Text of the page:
In 1971 I spent a number of weeks living in a fortress. It consisted of a central massive bunker constructed of great blocks of large, roughly-shaped stones enclosed in wire mesh, and was surrounded by a system of partly covered and partly exposed trenches. Beyond was desolation and danger: sand dunes, barbed wire, mine fields, the sea, the Suez Canal, and in the hazy distance beyond the Egyptian look-out towers, Port Fu'ad; a shimmering mirage of vague buildings and vaguer palm trees. Inside, the fortress was a concrete-grey, semi-dark stuffiness, with hordes of blowflies, crates of rotting oranges, graffiti, containers of unpalatable chlorinated water and tins of apricot flavoured syrup which made for an even more unpalatable concoction, iron bed-frames on which lay dusty, straw-filled mattresses, coarse army blankets, plastic covered maps, a variety of soldiers' equipment, and everywhere the all-pervading smell of gun oil. The only positive aspect of the bunker was the coolness its depths provided from the sweltering desert heat outside.
Conditions in an army outpost, whether a camp, a bunker or a fortress, are often not entirely pleasant. In his 1915 diary, Benito Mussolini favourably compared the trenches in Flanders with those occupied by the Italian army at Mount Nero in Austria, which, he wrote, were “mere holes dug between the rocks.”* The Italian journalist and future dictator appears to have had little comprehension of the horrors of Flanders, writing that the English trenches were furnished with all the comforts. "They even have heating apparatus, they say."* In reality, the chief amenities of the trenches on the western front were lice and mud.
It is somewhat surprising then to read this description of the Templar fortress of Saphet (Safed) composed by or for Benoît d'Alignan, the Bishop of Marseilles in the 1260s:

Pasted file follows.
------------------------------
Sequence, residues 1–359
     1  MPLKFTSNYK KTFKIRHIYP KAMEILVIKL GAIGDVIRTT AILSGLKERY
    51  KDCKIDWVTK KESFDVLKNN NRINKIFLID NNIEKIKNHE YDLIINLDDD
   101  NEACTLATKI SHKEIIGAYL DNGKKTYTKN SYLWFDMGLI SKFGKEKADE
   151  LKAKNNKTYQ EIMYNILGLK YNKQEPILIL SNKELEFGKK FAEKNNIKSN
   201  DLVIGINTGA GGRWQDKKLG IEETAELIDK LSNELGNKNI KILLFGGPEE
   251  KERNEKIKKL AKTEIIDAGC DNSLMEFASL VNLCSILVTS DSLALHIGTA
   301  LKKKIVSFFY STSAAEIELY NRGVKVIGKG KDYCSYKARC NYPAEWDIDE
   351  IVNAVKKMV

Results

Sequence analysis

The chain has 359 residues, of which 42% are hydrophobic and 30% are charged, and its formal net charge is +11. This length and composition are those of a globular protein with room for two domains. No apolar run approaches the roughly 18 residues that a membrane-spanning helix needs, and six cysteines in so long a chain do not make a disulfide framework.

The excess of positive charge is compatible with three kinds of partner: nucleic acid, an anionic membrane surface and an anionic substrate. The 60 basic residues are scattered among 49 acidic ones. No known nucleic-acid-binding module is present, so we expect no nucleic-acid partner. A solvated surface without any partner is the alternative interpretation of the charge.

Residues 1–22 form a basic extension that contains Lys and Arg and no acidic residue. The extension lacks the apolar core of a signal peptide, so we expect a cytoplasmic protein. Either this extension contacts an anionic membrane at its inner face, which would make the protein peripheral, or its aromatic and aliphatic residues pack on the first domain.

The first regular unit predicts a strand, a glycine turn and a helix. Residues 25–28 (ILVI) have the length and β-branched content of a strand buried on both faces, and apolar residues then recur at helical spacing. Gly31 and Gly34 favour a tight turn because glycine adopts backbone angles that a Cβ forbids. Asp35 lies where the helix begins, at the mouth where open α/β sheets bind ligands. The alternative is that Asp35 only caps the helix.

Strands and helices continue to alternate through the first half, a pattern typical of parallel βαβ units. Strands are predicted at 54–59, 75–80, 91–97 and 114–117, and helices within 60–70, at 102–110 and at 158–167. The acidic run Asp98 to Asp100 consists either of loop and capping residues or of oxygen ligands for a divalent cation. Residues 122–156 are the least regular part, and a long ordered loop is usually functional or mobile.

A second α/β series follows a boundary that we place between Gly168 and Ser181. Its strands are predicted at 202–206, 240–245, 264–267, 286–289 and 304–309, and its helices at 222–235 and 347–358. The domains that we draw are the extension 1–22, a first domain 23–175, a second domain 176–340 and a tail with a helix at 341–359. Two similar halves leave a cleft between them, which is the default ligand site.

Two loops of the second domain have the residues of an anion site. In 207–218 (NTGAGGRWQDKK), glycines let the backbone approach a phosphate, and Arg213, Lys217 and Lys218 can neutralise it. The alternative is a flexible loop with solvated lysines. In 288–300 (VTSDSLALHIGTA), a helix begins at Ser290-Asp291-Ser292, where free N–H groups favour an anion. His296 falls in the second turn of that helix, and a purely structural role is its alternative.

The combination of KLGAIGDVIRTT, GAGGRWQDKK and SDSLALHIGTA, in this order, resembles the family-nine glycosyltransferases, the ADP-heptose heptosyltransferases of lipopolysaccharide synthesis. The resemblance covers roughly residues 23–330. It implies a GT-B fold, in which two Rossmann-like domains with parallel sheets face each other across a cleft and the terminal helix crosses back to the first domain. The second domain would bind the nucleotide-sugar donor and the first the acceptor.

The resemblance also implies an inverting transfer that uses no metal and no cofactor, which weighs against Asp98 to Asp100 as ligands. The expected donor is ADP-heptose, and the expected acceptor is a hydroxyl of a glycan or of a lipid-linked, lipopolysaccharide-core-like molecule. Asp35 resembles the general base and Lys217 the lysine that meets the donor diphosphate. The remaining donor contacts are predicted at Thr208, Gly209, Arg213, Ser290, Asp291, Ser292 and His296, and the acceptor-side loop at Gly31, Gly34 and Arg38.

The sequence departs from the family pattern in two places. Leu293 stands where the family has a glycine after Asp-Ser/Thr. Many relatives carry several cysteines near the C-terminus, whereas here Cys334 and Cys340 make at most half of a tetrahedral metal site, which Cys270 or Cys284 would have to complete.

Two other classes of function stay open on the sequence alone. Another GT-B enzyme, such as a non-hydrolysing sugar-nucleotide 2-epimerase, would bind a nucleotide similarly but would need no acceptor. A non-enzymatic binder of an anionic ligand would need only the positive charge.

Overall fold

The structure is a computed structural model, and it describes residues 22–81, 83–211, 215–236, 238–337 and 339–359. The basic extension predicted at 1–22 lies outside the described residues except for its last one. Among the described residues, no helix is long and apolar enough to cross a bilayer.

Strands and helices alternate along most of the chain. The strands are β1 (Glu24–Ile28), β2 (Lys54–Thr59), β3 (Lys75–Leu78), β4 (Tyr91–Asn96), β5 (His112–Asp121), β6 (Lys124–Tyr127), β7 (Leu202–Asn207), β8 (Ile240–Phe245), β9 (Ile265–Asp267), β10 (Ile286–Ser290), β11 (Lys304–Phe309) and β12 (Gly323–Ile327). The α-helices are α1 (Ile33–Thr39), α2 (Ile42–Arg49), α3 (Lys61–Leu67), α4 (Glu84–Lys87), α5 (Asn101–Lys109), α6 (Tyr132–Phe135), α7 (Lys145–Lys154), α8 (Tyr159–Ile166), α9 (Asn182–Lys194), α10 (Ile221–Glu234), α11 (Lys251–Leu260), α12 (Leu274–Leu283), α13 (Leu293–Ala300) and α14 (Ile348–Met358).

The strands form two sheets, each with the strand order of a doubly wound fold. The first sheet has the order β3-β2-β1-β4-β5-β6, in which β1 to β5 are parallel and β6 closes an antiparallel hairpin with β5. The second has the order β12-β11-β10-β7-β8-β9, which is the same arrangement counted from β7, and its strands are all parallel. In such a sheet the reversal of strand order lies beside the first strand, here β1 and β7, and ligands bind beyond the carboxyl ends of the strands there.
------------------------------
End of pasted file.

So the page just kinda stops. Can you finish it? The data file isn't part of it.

The castle of Saphet has a temperate and healthy climate, rich in gardens, vines, trees and grass, gentle and smiling, rich and abundant in the fertility and variety of fruit. There figs, pomegranates, almonds and olives grow and flourish. God blesses it with rain from the sky and richness from the soil and abundance of corn, vines, oil, pulses, herbs and fresh fruits, plenty of milk and honey, and pastures suitable for the feeding of animals, glades, trees and woods for making lime-kilns, and for cooking plentiful foods…**
Such an idyllic picture - if we were to read it in a brochure who would not go off immediately to the nearest travel agent to purchase a plane ticket to this... what... Greek island?
But Saphet Castle was no tourist resort. The people that resided in it were not there on vacation and perhaps the good bishop was laying it on a bit thick. Yet this depiction is not entirely distorted. Many crusader castles indeed occupied delightful locations, high on mountaintops overlooking extensive vistas of forests, fields or the sea. The largest of them, and Saphet was certainly among the largest, were often sumptuously furnished and abundantly stocked. They contained large courtyards and gardens, bathhouses and fresco-decorated halls with splendid carvings.
It was discovering this luxury in a fortress on the outskirts of Christendom that most surprised Bashford Dean from the finds that were recovered from his 1926 expedition to Montfort Castle. In the final paragraph of the report that he published the following year, Dean noted that the garrison that occupied Montfort had not lived under conditions of stress or hardship, as would have probably been the assumption of many people, but rather, in a degree of luxury that was evident from the spacious quarters and the numerous finds of Gothic sculpture, stained-glass windows and gilded furnishings.
We need to be careful not to go overboard with this image. Not all the castles were so sumptuous and not all the residents in these castles lived at the same level of luxury. The quarters of a Grand Master or a castellan would be better than the shared accommodations of knights of the garrison, and those in turn would considerably surpass the quarters of the masons, smiths, cooks, laundry women and stable-hands. But the fact remains that for many of the residents who lived in these pleasant surroundings, who dined and drank well, had some entertainment and, except in times of siege and warfare were probably not overworked, life in a crusader fortress was far from spartan.
* Benito Mussolini, My Diary 1915-1917, transl. Rita Wellman (Kindle edition), chapter 2, September 19.
** De Constructione Castri Saphet, in Hugh Kennedy, Crusader Castles, Cambridge, 1995, p. 196.